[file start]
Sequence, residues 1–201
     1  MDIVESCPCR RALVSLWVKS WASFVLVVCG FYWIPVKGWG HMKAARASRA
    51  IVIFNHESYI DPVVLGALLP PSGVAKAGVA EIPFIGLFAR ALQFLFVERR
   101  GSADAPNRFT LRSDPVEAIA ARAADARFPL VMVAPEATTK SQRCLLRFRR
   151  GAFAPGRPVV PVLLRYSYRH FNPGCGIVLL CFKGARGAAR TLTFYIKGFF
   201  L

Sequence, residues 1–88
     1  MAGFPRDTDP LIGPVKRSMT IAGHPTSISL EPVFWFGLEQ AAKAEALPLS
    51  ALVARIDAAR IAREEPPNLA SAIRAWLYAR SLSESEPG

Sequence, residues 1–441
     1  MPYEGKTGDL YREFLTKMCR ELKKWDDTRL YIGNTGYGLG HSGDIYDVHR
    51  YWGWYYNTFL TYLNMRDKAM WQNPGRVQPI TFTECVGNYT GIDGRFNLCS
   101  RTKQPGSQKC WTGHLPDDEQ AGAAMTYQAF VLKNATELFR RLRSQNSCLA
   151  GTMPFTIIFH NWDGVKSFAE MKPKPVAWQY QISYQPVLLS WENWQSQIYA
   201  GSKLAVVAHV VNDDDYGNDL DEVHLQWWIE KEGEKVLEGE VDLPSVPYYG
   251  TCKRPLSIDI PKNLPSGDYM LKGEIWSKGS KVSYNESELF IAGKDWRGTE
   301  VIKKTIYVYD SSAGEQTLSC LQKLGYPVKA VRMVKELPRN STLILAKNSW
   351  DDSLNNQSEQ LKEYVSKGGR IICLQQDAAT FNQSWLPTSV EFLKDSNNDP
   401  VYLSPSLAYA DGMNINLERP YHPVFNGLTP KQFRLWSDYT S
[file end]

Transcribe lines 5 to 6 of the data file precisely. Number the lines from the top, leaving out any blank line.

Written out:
   151  GAFAPGRPVV PVLLRYSYRH FNPGCGIVLL CFKGARGAAR TLTFYIKGFF
   201  L